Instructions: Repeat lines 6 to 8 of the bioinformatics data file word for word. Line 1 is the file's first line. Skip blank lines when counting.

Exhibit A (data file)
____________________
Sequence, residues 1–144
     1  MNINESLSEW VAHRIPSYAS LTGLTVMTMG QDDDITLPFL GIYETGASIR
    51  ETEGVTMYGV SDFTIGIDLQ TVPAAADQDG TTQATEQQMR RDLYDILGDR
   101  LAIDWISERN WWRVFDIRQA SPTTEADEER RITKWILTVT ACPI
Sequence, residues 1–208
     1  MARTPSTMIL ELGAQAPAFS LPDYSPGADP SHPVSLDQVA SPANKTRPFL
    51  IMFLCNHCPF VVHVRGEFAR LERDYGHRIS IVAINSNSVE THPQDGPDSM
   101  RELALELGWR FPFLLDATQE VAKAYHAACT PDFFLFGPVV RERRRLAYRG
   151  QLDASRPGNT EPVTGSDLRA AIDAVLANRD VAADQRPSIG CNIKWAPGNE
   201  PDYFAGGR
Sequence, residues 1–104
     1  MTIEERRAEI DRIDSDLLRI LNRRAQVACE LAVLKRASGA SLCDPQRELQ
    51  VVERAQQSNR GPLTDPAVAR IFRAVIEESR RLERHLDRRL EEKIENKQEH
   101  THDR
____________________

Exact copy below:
     1  MARTPSTMIL ELGAQAPAFS LPDYSPGADP SHPVSLDQVA SPANKTRPFL
    51  IMFLCNHCPF VVHVRGEFAR LERDYGHRIS IVAINSNSVE THPQDGPDSM
   101  RELALELGWR FPFLLDATQE VAKAYHAACT PDFFLFGPVV RERRRLAYRG